Malaria is a mosquito-borne infectious disease affecting humans and other animals caused by parasitic protozoans (a group of single-celled microorganisms) belonging to the Plasmodium type.
The signs and symptoms of malaria typically begin 8–25 days following infection. Initial manifestations of the disease—common to all malaria species—are similar to flu-like symptoms, and can resemble other conditions such as sepsis, gastroenteritis, and viral diseases. The presentation may include headache, fever, shivering, joint pain, vomiting, hemolytic anemia, jaundice, hemoglobin in the urine, retinal damage, and convulsions.
The classic symptom of malaria is paroxysm—a cyclical occurrence of sudden coldness followed by shivering and then fever and sweating, occurring every two days (tertian fever) in P. vivax and P. ovale infections, and every three days (quartan fever) for P. malariae. P. falciparum infection can cause recurrent fever every 36–48 hours, or a less pronounced and almost continuous fever.
Severe malaria is usually caused by P. falciparum (often referred to as falciparum malaria). Symptoms of falciparum malaria arise 9–30 days after infection. Individuals with cerebral malaria frequently exhibit neurological symptoms, including abnormal posturing, nystagmus, conjugate gaze palsy (failure of the eyes to turn together in the same direction), opisthotonus, seizures, or coma.
Malaria has several serious complications. Among these is the development of respiratory distress, which occurs in up to 25% of adults and 40% of children with severe P. falciparum malaria. Possible causes include respiratory compensation of metabolic acidosis, noncardiogenic pulmonary oedema, concomitant pneumonia, and severe anaemia. Although rare in young children with severe malaria, acute respiratory distress syndrome occurs in 5–25% of adults and up to 29% of pregnant women. Coinfection of HIV with malaria increases mortality. Renal failure is a feature of blackwater fever, where hemoglobin from lysed red blood cells leaks into the urine.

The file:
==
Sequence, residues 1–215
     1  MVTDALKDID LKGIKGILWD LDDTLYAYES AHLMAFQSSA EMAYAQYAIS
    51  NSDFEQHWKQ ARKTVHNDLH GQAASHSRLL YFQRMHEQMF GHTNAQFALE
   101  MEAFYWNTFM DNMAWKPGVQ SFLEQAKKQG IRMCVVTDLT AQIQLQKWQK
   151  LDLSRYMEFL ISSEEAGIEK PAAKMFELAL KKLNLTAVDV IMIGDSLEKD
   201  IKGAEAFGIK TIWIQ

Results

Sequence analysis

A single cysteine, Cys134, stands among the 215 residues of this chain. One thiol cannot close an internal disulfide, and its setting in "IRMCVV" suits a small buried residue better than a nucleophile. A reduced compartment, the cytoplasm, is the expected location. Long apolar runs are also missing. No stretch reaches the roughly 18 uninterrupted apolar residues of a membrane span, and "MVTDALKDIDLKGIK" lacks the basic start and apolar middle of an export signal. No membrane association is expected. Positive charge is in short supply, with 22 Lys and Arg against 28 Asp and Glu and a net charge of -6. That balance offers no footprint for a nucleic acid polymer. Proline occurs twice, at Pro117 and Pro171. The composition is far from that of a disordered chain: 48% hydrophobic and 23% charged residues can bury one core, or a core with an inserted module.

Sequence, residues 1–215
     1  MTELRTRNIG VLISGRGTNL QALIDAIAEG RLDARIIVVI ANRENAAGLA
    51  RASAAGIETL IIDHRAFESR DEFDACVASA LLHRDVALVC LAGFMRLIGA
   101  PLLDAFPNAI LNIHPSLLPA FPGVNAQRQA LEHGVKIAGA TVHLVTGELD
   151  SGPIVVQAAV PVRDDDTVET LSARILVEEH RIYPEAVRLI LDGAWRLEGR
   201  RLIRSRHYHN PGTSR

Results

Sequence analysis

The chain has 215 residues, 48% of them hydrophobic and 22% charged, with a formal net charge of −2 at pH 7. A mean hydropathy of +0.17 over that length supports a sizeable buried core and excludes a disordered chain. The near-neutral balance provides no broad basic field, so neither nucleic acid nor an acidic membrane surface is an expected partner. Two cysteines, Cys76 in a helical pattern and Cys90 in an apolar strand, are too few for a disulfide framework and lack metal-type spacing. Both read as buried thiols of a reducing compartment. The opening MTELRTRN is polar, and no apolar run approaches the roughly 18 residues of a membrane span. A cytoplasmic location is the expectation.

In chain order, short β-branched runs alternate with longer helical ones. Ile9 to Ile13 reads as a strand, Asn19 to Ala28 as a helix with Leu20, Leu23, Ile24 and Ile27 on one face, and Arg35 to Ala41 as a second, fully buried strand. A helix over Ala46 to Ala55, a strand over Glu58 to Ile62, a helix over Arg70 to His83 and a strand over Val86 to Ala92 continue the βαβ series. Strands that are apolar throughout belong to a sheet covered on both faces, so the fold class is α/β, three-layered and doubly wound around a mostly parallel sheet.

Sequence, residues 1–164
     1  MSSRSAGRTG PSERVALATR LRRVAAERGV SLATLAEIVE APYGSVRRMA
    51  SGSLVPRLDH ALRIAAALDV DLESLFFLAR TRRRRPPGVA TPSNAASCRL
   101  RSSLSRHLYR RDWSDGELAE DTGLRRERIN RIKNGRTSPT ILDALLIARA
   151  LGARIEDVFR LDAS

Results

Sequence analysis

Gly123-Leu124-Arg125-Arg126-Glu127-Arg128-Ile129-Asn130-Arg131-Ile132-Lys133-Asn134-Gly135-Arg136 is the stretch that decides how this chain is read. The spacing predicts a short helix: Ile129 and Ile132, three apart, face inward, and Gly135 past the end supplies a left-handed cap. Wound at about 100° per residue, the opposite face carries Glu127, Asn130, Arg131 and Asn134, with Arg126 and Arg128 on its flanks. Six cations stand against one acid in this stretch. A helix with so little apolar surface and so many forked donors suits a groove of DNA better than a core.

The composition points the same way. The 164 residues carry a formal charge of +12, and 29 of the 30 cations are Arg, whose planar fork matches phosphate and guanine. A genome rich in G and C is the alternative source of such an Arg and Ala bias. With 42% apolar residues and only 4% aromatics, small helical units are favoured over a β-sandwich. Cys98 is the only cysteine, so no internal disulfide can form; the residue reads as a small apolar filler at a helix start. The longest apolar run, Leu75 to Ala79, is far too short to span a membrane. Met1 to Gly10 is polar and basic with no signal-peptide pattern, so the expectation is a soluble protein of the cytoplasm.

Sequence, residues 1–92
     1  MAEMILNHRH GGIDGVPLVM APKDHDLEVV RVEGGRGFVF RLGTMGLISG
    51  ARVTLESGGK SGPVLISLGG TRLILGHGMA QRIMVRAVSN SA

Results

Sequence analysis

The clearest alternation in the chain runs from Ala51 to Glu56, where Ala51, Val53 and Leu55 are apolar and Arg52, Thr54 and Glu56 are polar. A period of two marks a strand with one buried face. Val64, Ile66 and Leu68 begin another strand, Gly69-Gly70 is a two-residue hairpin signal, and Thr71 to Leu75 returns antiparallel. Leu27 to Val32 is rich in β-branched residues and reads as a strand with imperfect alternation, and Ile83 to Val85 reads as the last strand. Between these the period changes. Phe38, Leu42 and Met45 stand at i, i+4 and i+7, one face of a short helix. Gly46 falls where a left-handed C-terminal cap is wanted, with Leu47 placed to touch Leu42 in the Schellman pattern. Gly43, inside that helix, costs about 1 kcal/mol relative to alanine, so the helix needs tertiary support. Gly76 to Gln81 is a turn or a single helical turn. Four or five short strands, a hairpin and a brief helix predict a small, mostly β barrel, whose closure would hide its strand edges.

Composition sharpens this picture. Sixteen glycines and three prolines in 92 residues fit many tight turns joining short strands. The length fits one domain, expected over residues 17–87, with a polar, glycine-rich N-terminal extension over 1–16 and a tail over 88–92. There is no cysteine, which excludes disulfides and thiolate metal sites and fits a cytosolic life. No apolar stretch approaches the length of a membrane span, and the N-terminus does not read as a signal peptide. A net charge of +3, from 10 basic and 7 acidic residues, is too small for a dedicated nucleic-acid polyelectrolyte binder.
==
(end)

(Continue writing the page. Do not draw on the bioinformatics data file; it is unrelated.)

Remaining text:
Infection with P. falciparum may result in cerebral malaria, a form of severe malaria that involves encephalopathy. It is associated with retinal whitening, which may be a useful clinical sign in distinguishing malaria from other causes of fever. Enlarged spleen, enlarged liver or both of these, severe headache, low blood sugar, and hemoglobin in the urine with renal failure may occur. Complications may include spontaneous bleeding, coagulopathy, and shock.
Malaria in pregnant women is an important cause of stillbirths, infant mortality, abortion and low birth weight, particularly in P. falciparum infection, but also with P. vivax.
- Prevent mosquito breeding
- Use mosquito nets and repellants
- Prevent collection and standing of water as it breeds the mosquito larvae
- Wear full sleeve clothes
Homoeopathy has a wonderful treatment for Malarial fevers and even prevents the dangerous malaria complications. In fact, the discovery of Hooeopathy was made by Dr. Hahnemann the very first time in treating the Malarial fevers. Medicines like China, China Ars, Natrum Mur, Gelsemium etc. are extremely effective in treating the disease successfully.
- Peripheral smear for Malarial Parsite
- Complete Blood Count
- Ultrasound of the whole abdomen
- Liver Function Test
- Antigen-based Rapid Diagnostic Test